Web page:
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Bless'd his three sons with his victorious arm,
t Mur. Ay, mill-stones ; as he lesson'd us to weep:
ceive yourself; "Tis he that sends us to destroy you here.
Clar. It cannot be ; for he bewept my fortune, And hugg'd me in his arms, and swore, with sobs, That he would labour my delivery.
1 Mur. Why, so he doth, when he delivers you From this earth’s thraldom to the joys of heaven.
2 Mur.Make peace with God, for you must die, my lord.
Clar. Hast thou that holy feeling in thy soul,
2 Mur. What shall we do?
2 Mur. Look behind you, my lord.
[Stabs hint. I'll drown you in the malmsey-butt within.
[Exit, with the body. 2 Mur. A bloody deed, and desperately despatch'd ! How fain like Pilate, would I wash my hands Of this most grievous guilty murder done.
Re-enter first Murderer. 1 Mur. How pow? what mean'st thou, that thou
help'st me not?
By heaven, the duke shall know how slack you have been.
2 Mur. I would he knew, that I had sav'd his brother! Take thou the fee, and tell him what I say ; For I repent me that the duke is slain.
[Erit. 1 Mur. So do not I ; go, coward as thou art. Well, I'll go hide the body in some hole, Till that the duke give order for his burial : And when I have my meed, I will away ; For this will out, and then I must not stay. [Exit.
ACT II. SCENE I.-The same. A Room in the Palace. Enter King
EDWARD, (led in sick,) Queen ELIZABETH, DORSET,
Riv. By heaven, my soulis purg'd from grudging hate; And with my hand I seal my true heart's love.
Hast. So thrive I, as I truly swear the like !
K. Edw. Take heed, you dally not before your king ; Lest he, that is the supreme King of kings, Confound your hidden falsehood, and award Either of you to be the other's end.
Hast. So prosper I, as I swear perfect love ! Riv. And I, as I love Hastings with my heart ! K.Edw. Madam, yourself are not exempt in this, - Nor your son Dorset,-Buckingham, nor you ;You have been factious one against the other. Wife, love lord Hastings, let liim kiss your hand ; And what you do, do it unfeignedly. Q.Eliz. There, Hastings ;-- I will never more re
member Our former hatred, so thrive I, and mine! K. Edw. Dorset, embrace him,--Hastings, love lord
marquis. 28* VOL, V.
Dors. This interchange of love, I here protest,
[Embraces DORSET. K.Edw. Now, princely Buckingham, seal thou this
league With thy embracements to my wife's allies, And make me happy in your unity.
Buck. Whenever Buckingham doth turn his hate Upon your grace, [To the Queen.]but with all duteous love Doth cherish you, and yours, God punish me With hate in those where I expect most love! When I have most need to employ a friend, And most assured that he is a friend, Deep, hollow, treacherous, and full of guile, Be he unto me! this do I beg of heaven, When I am cold in love to you, or yours.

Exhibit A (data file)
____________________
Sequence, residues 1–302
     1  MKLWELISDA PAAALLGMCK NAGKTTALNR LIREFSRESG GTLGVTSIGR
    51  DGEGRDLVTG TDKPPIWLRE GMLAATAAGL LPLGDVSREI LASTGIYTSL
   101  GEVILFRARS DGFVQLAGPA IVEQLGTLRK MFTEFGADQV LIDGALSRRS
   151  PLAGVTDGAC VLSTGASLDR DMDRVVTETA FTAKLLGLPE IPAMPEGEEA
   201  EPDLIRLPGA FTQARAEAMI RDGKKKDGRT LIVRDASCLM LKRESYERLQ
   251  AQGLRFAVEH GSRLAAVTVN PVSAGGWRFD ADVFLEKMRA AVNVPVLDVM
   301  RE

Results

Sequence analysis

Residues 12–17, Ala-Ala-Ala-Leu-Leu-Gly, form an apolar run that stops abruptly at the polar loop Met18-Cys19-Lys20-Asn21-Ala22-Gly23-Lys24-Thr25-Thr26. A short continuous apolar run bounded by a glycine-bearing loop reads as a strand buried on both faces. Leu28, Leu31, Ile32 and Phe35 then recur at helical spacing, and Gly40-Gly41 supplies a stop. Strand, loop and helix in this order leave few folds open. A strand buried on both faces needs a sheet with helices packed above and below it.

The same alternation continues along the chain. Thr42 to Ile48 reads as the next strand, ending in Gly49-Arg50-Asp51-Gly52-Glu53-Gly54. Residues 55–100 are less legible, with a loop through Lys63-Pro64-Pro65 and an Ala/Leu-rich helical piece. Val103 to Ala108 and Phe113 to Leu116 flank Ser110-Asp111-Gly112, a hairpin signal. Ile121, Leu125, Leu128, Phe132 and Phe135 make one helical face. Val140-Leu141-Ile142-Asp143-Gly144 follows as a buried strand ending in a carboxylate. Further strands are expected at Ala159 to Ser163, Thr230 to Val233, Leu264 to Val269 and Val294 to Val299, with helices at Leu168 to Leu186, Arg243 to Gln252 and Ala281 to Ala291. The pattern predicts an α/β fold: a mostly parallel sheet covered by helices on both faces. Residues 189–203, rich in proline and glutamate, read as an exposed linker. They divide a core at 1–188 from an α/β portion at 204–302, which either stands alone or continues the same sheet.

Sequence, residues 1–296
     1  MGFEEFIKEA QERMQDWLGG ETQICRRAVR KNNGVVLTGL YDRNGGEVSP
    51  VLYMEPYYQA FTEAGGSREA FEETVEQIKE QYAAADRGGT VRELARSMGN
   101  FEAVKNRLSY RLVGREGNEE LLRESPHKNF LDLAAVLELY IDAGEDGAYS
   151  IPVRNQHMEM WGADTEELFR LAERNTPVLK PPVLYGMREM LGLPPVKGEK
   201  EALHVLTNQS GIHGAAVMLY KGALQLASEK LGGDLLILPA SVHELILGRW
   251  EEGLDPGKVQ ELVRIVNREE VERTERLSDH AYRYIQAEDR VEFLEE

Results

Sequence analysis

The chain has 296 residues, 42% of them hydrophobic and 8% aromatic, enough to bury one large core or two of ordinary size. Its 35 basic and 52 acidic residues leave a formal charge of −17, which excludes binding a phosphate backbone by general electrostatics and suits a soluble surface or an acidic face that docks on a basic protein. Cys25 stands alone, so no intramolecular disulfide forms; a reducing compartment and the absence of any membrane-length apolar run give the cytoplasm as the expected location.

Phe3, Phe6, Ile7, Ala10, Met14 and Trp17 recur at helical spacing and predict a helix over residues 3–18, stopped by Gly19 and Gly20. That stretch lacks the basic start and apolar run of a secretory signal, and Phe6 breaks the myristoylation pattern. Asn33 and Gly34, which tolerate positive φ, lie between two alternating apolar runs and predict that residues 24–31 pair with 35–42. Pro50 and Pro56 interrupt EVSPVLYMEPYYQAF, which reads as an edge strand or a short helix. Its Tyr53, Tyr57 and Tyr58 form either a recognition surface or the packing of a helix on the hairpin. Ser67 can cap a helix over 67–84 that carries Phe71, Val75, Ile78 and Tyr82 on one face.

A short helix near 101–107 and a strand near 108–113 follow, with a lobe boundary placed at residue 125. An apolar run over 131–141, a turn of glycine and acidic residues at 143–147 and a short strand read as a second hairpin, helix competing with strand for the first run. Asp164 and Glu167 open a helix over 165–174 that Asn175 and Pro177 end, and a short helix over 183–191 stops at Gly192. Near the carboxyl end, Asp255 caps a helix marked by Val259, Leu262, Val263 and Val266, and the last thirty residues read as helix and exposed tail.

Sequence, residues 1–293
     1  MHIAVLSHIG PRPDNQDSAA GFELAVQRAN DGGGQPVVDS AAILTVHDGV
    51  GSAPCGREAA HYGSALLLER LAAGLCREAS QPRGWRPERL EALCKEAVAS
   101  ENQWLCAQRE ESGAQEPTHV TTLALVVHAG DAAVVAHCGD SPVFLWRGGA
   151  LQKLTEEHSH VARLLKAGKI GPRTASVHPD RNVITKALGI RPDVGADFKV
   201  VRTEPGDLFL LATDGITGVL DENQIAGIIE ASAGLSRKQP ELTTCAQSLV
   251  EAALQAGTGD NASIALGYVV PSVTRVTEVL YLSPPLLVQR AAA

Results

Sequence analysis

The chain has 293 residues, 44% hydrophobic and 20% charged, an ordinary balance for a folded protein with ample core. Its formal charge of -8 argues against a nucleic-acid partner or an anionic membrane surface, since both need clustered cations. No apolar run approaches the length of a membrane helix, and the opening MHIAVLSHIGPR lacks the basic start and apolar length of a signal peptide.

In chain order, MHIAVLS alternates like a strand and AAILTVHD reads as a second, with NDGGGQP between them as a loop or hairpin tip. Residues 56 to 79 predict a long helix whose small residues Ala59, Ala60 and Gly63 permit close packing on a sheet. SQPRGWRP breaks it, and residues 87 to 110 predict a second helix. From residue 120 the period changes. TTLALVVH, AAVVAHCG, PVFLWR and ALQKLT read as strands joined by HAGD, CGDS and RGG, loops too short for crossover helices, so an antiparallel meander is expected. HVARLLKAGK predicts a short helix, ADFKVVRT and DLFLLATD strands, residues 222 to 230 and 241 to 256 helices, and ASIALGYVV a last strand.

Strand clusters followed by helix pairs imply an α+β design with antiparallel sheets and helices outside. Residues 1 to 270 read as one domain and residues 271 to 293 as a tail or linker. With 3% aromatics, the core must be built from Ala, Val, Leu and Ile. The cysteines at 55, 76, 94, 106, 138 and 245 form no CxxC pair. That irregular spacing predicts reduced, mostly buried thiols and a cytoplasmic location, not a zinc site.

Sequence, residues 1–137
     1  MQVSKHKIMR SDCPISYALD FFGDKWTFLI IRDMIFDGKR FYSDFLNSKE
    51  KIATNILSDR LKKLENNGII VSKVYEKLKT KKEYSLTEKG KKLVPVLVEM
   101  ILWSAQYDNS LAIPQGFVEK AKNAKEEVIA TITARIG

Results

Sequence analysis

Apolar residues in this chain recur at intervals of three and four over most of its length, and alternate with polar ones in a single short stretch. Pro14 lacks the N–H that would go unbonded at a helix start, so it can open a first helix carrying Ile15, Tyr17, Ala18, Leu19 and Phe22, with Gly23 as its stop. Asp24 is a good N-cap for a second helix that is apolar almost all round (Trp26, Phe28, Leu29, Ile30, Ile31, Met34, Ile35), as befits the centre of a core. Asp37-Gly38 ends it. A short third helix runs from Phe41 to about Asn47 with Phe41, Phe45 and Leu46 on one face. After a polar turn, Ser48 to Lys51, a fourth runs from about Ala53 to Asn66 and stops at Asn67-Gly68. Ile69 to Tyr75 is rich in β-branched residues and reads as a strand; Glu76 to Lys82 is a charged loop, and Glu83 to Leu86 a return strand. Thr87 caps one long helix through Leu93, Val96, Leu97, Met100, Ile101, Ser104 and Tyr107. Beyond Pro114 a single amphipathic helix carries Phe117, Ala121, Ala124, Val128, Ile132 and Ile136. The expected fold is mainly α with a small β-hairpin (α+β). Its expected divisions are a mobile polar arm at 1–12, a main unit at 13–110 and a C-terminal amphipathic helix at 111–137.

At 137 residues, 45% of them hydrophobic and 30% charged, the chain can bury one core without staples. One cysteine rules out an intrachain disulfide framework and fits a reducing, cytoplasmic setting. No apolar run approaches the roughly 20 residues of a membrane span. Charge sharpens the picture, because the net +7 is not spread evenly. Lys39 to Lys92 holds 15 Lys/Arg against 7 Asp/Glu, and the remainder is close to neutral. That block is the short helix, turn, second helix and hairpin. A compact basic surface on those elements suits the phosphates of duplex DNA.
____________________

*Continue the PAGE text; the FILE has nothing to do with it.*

[Embracing RIVERS, &C. K. Edw. A pleasing cordial, princely Buckingham, Is this thy vow unto my sickly heart. There wanteth now our brother Gloster here, To make the blessed period of this peace. Buck. And, in good time, here comes the noble duke:
Enter GLOSTER. Glo. Good-morrow to my sovereign king, and queen; - And, princely peers, a happy time of day!
K. Edw. Happy, indeed, as we have spent the day :Brother, we have done deeds of charity ; Made peace of enmity, fair love of hate, Between these swelling wrong-incensed peers.
Glo. A blessed labour, my most sovereign liege.. Among this princely heap, if any here, By false intelligence, or wrong surmise, Hold me a foe; If I unwittingly, or in my rage, Have aught committed that is hardly borne By any in this presence, I desire To reconcile me to his friendly peace : 'Tis death to me, to be at enmity ; I hate it, and desire all good men's love. — First, madam, I entreat true peace of you, Which I will purchase with my duieous service. ;Of you, my noble cousin Buckingham, If ever any grudge were lodg'd between us ;Of you, lord Rivers, and, lord Grey, of you,That all without desert have frown'd on me ;
Dukes, earls, lords, gentlemen ; indeed, of all.
Q.Eliz. A holy-day shall this be kept hereafter : - I would to God, all strifes were well compounded.
-My sovereign lord, I do beseech your highness
Glo. Why, madam, have I offer'd love for this,
[They all start. You do him injury, to scorn his corse.
K. Edw. Who knows not, he is dead! who knows he is? Q.Eliz. All-seeing heaven, what a world is this ! Buck. Look I so pale, lord Dorset, as the rest ?
Dors. Ay, my good lord ; and no man in the presence, But his red colour hath forsook his cheeks.
K. Edw. Is Clarence dead? the order was reversid:
Glo. But he, poor man, by your first order died,
K. Edw. Have I a tongue to doom my brother's death, And shall that tongue give pardon to a slave ?4 My brother kill'd no man, his fault was thought, And yet his punishment was bitter death. Who su'd to me for him ? who, in my wratlı, (3] He means the remission of the forfeit.
JOHNS. (4) This lamentation is very tender and pathetic. The recollection of the good qualities of the dead is very natural, and no liss naturally does the king endeavour to communicate the crime to others. JOHNS:
Kneel'd at my feet, and bade me be advis'd ?
RIVERS, DORSET, and GREY.
SCENE II. The same. Enter the Duchess of YORK, with a Son and
Daughter of CLARENCE. Son. Good grandam, tell us, is our father dead? Duch. No, boy.  Mr. Walpole, some years ago, suggested from the Chronicle of Croy. land, that the true cause of Gloster's hatred to Clarence was, that Clarence was onwilling to share with his brother that moiety of the estate of the great